James N. Stewart (501) 253-8039

Jim is right to say that folklore studies goes back to the Brothers Grimm and the German Historical School. Incidentally, Marx wrote on the Historical School, in an early review of Savigny:

'The shibboleth that the historical school has adopted is the sturdy of sources, and they have carried this love of sources to such an extreme that they advise the captain not to sail his boat on the river but at its source'. Early Texts, Oxford, 1979, ed D McLellan, p 31

This Historical School was the norm when Kautsky was a student, explaining his tendency to get things wrong according to Engels, who wrote to Bebel on 24 July 1885:

'His youthful inclination to hasty judgement has been still more intensified b the wretched method of teaching history in the universities - especially the Austrian ones. The students there are systematically taught to do historical work with materials which they know to be inadequate, but which they are supposed to treat as adequate, that is to write things which they must know to be false but which they are supposed to consider correct.'

The Historical School that Marx and Engels railed against was the academic compliment to that movement of romantic Nationalism that turned the German middle classes away from liberalism and towards dreams of a primordial Volkish spirit at work in the black forest. It was the cultural nationalism that Fichte and Herder galvanised against the French, and especially there claim to represent the liberal spirit. The turn towards folk history did lead to some good historical research, but it also led to a lot of racial myths. So Winkelmann's researches on Ancient Greece became grist to the mill that churned out myths of an Aryan race.

The common link between the folk art culturalism of the German romantics and Stalinism, was this: Just as the European Enlightenment foundered on the rock of nationalism, creating a rift between France and Germany, so too did the Communist International founder on the rock of national division, in the theory of 'socialism in one country'. As Stalin's Russia turned inward for its resources, instead of outwards towards world revolution, it drew on the more atavistic elements of Russian culture. Folk art was source of national pride, a resource that could mobilise popular sentiment. Like the German romantics before them, the Stalinists were mobilising an ideal of national Genius, in place of a more universal internationalism.

The impact of the lionisation of folk culture, and the re-orientation of communists towards cultural sources of sustenance, was actually a sign of their lowered horizons. Folk songs were a compensation for political activity. And, as the history of the Communist Parties indicates, they were also compatible with the less attractive aspects of petty nationalism that so severely marred the political orientation of Stalinism.

Jim Heartfield

Just to clarify a point made in passing I consulted a couple of secondary sources to refresh the memory without excavating the book pile behind me and it appears that at the time of the revolution there was respectable folklore scholarship taking place in Russia of the ballad collecting sort. Apparently some years later someone in Moscow noticed that the scholars of the time were using something like gesunkene kulturgut (the proposition that folk culture is derived from higher cultural forms) as a theoretical model. Decrees were made to the effect that folklore was the product of the creative genius of the people (or the folk, the terms being identical in Russian) and so the theoretical base was changed. Apparently this led to a lot of literary reinterpretation of traditional material and later to the conscious development of new material and adapting older material to the needs of the moment. Apparently (according to Dorson) a translation of a Russian article appeared in the Journal of the Folklore Institute in 1963 in which the American folklore scene was described in terms of a dialectic of progressives (exemplified by Erwin Silber at Sing Out!) and the reactionaries (exemplified by Richard Dorson).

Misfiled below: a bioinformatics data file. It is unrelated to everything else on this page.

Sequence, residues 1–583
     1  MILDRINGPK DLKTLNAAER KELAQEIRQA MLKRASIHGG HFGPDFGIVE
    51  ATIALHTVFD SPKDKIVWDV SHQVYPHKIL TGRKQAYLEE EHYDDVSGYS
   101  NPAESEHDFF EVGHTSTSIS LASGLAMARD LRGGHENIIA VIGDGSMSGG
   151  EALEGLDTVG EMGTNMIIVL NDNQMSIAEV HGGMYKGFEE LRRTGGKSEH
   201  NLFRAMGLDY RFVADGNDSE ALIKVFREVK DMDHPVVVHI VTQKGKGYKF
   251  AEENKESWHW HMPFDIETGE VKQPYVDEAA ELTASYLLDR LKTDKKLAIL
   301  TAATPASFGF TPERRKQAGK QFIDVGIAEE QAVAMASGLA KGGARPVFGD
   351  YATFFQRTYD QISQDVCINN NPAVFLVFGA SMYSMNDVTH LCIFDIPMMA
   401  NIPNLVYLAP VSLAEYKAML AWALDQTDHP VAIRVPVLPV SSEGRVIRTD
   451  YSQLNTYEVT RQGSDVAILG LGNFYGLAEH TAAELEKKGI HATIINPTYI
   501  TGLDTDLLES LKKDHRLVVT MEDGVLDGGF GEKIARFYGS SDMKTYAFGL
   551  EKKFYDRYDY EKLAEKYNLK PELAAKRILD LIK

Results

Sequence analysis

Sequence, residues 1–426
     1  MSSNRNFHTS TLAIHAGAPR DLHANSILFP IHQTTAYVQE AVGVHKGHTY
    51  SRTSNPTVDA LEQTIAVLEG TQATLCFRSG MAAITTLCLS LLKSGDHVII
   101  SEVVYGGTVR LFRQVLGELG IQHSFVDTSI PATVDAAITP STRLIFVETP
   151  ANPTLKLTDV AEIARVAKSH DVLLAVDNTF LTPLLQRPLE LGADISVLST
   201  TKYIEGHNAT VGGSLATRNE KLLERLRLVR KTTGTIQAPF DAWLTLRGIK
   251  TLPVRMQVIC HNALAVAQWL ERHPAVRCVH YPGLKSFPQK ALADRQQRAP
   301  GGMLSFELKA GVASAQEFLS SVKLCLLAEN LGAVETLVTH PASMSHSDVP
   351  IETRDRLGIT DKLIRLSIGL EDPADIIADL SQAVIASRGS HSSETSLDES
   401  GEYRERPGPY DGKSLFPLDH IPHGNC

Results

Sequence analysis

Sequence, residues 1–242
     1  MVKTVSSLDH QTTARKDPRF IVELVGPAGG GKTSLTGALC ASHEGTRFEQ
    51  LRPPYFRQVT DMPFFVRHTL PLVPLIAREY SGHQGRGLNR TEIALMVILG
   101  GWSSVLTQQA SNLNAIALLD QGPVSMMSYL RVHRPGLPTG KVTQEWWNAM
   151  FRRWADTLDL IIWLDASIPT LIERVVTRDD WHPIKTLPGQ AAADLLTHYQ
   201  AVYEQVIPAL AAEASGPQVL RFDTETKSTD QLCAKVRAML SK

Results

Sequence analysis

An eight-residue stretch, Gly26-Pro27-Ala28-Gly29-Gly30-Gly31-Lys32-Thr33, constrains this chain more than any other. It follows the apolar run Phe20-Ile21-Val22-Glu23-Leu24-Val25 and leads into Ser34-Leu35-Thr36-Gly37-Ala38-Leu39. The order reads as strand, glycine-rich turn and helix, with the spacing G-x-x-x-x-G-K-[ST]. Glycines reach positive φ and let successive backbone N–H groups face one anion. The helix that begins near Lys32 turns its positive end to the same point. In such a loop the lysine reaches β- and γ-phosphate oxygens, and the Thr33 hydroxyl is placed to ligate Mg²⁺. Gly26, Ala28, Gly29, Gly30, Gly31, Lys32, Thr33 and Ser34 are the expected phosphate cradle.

That dichotomy (whether dialectic or not) still exists, but is seen as the distinction between the Lomax-Library of Congress collect-and-encourage folklore and the academic discipline model developed, in large part, by Dorson and others at Indiana. The latter was very little concerned with the folk song revival or the attendant political concerns, except, perhaps, as subjects of study.

The politics of the folk song revival are a related and very intersting matter that has never been entirely documented in that there while there was a right wing/left wing split, perhaps represented by the Pete Seeger/ Burl Ives unpleasantness, there were also divisions reflecting a popular/purist dialectic which produced an extraordinary richness of material in the fifties and sixties. This was problematic for those whose sentiments were both lestist and purist but there was considerable material in the mining regions of the Appelacians where some vehement anti-capitalist performers were found such as Aunt Molly Jackson and Sara Ogan Gunning (I believe it was the latter who wrote the famous lines, "I am a miner's daughter/ I'm sure I wish you well/ Let's sink this capitalist system/ To the lowest pits of hell.) This all wanders off into various paths we could explore, but it is important to keep in mind, as Archie Green once said to his first folklore class at the University of Illinois, not all folklore is noble and uplifting, most of it is dull, vulgar, and common, that is the nature of the subject.

It is curious to note in this regard that despite the commercial success of "world music" as a sales genre there is remarkably little interest in the purist approach to folk music today. Large numbers of Irish records are produced, but they are all in a sort of Celtic Bluegrass (if you will allow the term) which has been developed by the record companies.

James Stewart